I am really not trying to put anybody off adopting a rescue dog, rather that if they have a deeper understanding of what to do, and what not to do, the chances of the dog remaining in the home and becoming a well loved, well behaved member of the home will be that much better.

So, what do we do?

There are a number of things that we can do, starting with the TTouch below and I have allocated a short section to each of the other topics:-


When, after a session of TTouch, a dog that a short while ago, had been exhibiting fear behaviour, or jumping up, barking, chasing its tails etc, suddenly goes limp, emits deep sighs and I see the body start to relax, the absolute magic of this simple modality never seems to amaze me, and I know a barrier has been crossed.

This is the beginning of a wonderful bond being developed between you and your new dog. So many rescue dogs have received punishment in the way of the previous owner being ‘heavy handed’ or handled roughly, and this may be one of the first times in its life that a dog has been touched by a hand of  love, rather than a hand of anger or disdain. And, not only are you touching with hands of love, the effects of TTouch have been shown to work on the nervous system, minimizing, or even stopping the release of adrenalin, balancing the serotonin (happy hormone) levels, affecting brain wave patterns etc. So what is actually occurring is that you are activating self-healing, lowering anxiety and apprehension and giving both of you a chance at a brand new start. Given that TTouch is accumulative, a few minutes of working on your new dog daily, will make your chances of success even better.

I don’t always show all my clients how to do TTouch, many of my consults are based on behaviour modification, but what I always do is to give them the two following simple tools to help them.

Noah’s March: Starting at the head area, slowly and with a pressure much like you would use to apply face cream (if any men reading this, ask the lady in your life to show you the pressure!), stroke the dog all around the head and neck area, paying a lot of attention to the mouth area, both  inside and out. The inside of the mouth is connected to the Limbic section of the brain which influences our emotions and is the seat of all learning. Do a lot of stroking on top of the muzzle, over the top of the head and between the ears as well. This area contains many acupressure points which help to calm a dog down. Continue with long strokes down the back, on the sides and the tummy area, down the legs, as in the diagram below. What many of us don’t realize is that just by doing these simple strokes, you are working on all the meridians and acupressure points and helping your dog in a profound manner.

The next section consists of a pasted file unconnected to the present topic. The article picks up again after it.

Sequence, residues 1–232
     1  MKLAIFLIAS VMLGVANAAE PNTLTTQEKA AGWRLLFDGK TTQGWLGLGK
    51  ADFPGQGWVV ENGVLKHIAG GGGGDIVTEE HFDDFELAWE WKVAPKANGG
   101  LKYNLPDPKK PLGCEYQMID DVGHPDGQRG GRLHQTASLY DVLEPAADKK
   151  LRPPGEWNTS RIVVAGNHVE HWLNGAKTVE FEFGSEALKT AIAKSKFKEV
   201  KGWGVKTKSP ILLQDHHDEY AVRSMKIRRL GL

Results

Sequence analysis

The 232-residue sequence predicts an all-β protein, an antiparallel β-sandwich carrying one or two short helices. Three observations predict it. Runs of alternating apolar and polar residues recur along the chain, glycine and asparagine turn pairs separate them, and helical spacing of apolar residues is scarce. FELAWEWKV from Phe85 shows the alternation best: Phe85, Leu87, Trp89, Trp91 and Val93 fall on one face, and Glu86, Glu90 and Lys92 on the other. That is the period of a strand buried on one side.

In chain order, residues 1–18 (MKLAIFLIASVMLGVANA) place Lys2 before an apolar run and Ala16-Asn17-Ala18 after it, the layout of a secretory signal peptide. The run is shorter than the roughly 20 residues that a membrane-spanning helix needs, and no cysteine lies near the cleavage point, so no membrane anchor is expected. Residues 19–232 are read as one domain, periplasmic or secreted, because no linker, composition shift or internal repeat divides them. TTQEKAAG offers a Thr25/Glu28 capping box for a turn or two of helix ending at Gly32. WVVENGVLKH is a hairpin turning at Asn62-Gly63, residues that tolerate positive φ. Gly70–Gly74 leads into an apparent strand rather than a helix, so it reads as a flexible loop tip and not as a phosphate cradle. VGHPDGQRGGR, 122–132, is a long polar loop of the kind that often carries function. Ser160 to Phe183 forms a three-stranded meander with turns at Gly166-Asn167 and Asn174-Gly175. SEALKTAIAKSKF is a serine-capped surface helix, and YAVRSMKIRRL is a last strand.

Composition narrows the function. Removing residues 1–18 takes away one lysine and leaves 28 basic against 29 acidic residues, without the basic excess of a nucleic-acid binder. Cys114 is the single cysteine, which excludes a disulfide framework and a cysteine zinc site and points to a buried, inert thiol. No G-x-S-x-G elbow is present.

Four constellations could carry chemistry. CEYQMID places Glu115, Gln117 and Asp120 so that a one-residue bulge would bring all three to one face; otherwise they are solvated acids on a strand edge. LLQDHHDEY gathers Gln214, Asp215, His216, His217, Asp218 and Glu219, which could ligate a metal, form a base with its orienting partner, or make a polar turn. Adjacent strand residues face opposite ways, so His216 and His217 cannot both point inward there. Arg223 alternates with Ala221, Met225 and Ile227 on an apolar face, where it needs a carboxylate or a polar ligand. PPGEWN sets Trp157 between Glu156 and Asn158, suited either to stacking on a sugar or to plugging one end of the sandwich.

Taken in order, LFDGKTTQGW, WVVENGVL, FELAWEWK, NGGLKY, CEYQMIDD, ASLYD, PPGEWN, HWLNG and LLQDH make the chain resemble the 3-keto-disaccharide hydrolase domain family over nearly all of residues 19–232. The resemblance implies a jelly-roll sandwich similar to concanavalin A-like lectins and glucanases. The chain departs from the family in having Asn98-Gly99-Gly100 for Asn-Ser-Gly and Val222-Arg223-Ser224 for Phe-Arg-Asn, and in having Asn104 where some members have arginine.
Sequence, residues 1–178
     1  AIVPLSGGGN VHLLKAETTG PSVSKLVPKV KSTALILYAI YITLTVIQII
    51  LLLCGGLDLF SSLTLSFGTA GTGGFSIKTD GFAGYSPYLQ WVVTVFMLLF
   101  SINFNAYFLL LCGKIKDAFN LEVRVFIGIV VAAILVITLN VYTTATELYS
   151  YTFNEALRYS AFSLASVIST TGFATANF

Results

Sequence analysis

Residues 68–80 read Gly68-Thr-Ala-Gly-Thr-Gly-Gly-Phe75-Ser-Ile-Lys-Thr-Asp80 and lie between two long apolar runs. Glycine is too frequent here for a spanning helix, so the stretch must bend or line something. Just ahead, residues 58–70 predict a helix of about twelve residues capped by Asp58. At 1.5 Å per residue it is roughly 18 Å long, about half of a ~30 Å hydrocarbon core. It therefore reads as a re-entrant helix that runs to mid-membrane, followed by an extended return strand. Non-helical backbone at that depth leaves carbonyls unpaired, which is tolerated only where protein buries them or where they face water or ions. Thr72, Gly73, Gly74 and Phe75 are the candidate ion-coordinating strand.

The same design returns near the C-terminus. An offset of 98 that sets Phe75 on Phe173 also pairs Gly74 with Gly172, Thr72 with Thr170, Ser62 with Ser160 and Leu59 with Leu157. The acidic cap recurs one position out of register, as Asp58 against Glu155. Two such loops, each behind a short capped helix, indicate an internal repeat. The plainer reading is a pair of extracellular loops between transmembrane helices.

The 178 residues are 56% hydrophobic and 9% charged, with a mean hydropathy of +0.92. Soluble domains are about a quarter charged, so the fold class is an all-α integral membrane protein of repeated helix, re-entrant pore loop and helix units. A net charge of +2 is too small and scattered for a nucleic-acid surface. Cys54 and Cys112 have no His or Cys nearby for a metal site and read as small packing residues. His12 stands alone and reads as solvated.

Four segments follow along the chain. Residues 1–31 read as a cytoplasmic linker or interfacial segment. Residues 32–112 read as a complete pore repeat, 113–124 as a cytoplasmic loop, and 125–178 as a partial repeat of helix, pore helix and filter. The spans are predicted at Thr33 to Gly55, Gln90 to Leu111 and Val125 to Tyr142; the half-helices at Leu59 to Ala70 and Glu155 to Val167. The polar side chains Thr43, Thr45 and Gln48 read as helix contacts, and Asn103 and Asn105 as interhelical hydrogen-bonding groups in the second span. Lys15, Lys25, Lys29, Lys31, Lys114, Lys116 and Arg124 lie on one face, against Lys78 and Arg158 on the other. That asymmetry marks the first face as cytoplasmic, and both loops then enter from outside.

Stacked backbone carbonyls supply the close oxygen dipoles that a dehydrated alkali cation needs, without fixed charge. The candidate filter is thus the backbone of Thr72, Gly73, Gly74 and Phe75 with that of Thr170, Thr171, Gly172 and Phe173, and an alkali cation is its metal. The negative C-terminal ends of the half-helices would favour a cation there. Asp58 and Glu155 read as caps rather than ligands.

If you have a dog that is sensitive in any given area, don’t ignore these areas, stroke next to them even softer and occasionally give a ‘mistaken’, very soft and light stroke over the sensitive area using the back of your hand rather than the palm (this is much less invasive). This way we are slowly desensitizing the dog to being touched in this area.

Don’t do too much too quickly. You may find that the dog will tolerate 2 or 3 strokes and then walk away – leave it! The dog will soon come back or you can try later, and do a bit more. Very often with dogs that are stressed, less is more!

Having a background of being a Louise Hay facilitator, I ask my clients, while performing this exercise, to say ‘every day in every way, you are getting better and better’. I am  not setting goals that cannot be achieved overnight, nor am I thinking, or saying ‘poor wee thing’, I am just affirming, over and over, that every day, in every way, progress is being made. I also ask my clients to finish off the strokes down the leg by imaging that all the stress, fear, unacceptable behaviours etc, is being taken down into Mother Earth to be disposed of.

Ear Work: The ear contains over 200 acupressure points, the tip of the ear being extremely important to help a dog (cat, human or any animal) from going into shock, and simply stroking along the ear in the manner below can go a long way to calm and relax a dog and can be easily achieved, plus the majority of dogs really love this.


Communication So many of the problems that occur between people and their dogs are simply the result of a lack of understanding between the different species. We have all been exposed to Calming and Stress signals over the last few years, but what about the signals we are exhibiting ourselves? Our dogs are absolute masters of observation of our own actions and facial gestures and how we use our bodies, and we can take advantage of this to help them adjust and cope.